Dead Mrs. Stratton by Anthony Berkeley
If in doubt, grab the nearest Golden Age mystery – that’s a mantra that usually works for me, particularly when I’ve been flinging myself through as many books as I did during half term! The mystery in question has a bit of a history – back in the 1980s (as I’ve probably rambled on about before) the Hogarth Press had a bit of a reboot. Originally the name of the publishing venture of Leonard and Virginia Woolf, Chatto and Windus revived the name and brought out a number of intriguing books in distinctive purple covers. One strand was Hogarth Crime, and I had a number of these books as well as a very fetching dagger shaped bookmark listing other titles. One of those other titles was “Dead Mrs. Stratton” by Anthony Berkeley, an author I hadn’t read, and I never did get round to getting a copy at the time. However, in the interim I’ve discovered Berkeley and his detective, Roger Sheringham, properly and so when I spotted a copy of “Dead Mrs. Stratton” in a local charity shop I grabbed it – well, some of your interests don’t change over the years, do they?
“Dead Mrs. Stratton” was first published under the title “Jumping Jenny” in 1933, and as it opens Roger Sheringham is attending a rather macabre Murder Party being hosted by his friend Ronald Stratton (a detective novelist…) Hurrah, thinks the reader, a country house setting – and you wouldn’t be far wrong, although this isn’t a big Downton Abbey-style place, just a more modest and quirky one, with a large roof terrace upon which is set a gallows. At present, it has three dummies hanging from it, one female and two males (the Jumping Jenny and Jumping Jacks); however, it doesn’t need a Poirot to see that someone more substantial will end up hanging there.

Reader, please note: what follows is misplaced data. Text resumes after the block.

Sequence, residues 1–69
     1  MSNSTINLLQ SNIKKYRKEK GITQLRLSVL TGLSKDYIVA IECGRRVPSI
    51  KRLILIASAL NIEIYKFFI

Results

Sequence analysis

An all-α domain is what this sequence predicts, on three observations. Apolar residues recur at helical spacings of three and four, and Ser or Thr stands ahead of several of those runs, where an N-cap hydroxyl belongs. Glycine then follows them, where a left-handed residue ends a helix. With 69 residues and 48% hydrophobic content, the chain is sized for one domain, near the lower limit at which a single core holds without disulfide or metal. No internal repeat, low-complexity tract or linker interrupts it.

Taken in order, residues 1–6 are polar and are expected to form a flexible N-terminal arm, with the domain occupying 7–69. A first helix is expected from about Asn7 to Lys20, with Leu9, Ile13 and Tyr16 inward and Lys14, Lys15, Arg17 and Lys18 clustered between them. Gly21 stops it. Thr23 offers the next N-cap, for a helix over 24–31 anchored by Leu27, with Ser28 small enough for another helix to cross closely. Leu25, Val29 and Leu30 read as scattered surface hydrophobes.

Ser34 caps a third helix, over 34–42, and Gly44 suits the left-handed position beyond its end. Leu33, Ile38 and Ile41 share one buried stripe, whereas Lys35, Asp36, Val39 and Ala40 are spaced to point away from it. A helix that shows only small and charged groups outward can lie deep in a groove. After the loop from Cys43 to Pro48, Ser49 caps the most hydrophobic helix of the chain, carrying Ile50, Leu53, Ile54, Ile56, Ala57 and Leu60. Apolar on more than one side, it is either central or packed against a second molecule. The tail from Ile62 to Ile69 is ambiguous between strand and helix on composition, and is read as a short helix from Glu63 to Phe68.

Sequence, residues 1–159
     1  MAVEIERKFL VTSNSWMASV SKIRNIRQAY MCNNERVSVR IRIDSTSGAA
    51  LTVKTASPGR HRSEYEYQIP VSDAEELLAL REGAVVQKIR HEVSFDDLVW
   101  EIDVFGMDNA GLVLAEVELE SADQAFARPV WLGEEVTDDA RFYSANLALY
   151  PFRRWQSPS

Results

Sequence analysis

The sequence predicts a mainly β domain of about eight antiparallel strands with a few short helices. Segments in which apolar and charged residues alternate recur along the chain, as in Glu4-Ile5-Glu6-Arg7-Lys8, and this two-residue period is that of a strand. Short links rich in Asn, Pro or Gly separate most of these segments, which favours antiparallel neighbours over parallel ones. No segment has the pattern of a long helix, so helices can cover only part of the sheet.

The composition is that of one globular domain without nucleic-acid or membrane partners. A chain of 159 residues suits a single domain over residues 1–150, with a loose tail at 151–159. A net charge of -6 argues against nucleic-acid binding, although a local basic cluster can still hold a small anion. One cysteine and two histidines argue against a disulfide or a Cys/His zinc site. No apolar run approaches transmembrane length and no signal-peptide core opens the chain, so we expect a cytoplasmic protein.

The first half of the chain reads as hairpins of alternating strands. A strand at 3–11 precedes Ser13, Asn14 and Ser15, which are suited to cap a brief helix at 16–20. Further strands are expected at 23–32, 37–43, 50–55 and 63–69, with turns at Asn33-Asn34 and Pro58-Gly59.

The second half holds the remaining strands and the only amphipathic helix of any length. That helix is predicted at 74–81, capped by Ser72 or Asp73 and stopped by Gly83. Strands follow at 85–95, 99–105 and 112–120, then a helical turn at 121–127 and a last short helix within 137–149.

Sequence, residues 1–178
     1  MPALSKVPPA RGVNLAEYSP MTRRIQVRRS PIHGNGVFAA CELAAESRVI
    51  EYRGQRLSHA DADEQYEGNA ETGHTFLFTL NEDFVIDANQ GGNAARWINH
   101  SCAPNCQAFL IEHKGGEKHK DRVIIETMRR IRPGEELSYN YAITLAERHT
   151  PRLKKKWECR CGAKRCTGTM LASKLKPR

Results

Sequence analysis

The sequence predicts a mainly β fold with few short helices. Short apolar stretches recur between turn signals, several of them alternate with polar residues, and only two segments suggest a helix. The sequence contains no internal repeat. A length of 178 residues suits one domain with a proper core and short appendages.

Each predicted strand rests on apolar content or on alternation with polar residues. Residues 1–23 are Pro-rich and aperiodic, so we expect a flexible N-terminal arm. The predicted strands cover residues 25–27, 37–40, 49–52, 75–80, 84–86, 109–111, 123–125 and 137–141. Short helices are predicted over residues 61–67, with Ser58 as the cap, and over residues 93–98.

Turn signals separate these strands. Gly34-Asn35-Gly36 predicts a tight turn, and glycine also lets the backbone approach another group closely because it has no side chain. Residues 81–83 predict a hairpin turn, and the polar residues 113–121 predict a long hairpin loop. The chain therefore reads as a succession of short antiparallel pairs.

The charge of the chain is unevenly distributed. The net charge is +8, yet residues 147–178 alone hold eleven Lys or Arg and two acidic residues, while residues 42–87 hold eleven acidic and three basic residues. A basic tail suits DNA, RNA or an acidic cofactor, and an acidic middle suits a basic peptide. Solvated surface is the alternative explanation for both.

The party is populated by an interesting collection of relatives and locals; there is Ronald’s ex-wife, her man friend, and Ronald’s new fiance; Ronald’s brother David and his hideous wife Ena; David and Ronald’s sister Celia; some local doctors plus their wives; and a forthright Scottish journalist. The complex relations between this group of people gradually develop as the party and the night goes on; and it seems that the vicious and unpleasant Ena is lining up to be the perfect victim. There is in fact a murder which happens very much on camera, and that’s when things start to get complicated…
I shan’t reveal too much more about the plot because this is such a joy to read that I don’t want to spoil it for anyone. Let’s just say that much of the so-called detecting in fact involves efforts to convince the local plod that the victim committed suicide and Sheringham is as inaccurate in his deductions as everyone else. In fact for a substantial part of the story, he’s under suspicion himself and so has to do plenty of sleuthing to try to clear himself. There are twists and turns up till the very end, and I didn’t see the final page’s revelations coming at all. Berkeley can plot and write remarkably well and he’s head and shoulders above some of the writers from the Golden Age whose works have also gone out of fashion.
I’ve headed this post “Amorality…” because when you stand back and look at it, the plot is in fact strikingly *wrong*! Someone is killed, and regardless of their faults, the usual modus operandi is for the Golden Age detective to solve the mystery and thus put the world to rights. The world is certainly put to rights here, but in fact it’s the murder that’s done so, not the solution of it. The victim is described as mad at several points, and the modern me feels just a little uneasy at the fact that it was considered better by Berkeley to kill off a (fictional) mad person rather than have them get some help.
But putting this slight discomfort aside, “Dead Mrs. Stratton” was a cracking read, if a little dark, and I really do like Sheringham as a detective; in fact, I don’t know why his books aren’t more in fashion nowadays because they’re eminently readable and great fun. Fortunately, the British Library Crime Classics imprint is bringing him back to the fore, with his short stories appearing in a couple of collections which I read – and I see that “The Poisoned Chocolates Case” is due out later this year. I’m glad I finally got to read this book after a few decades, and I’ll certainly be looking out for more of Roger Sheringham’s escapades.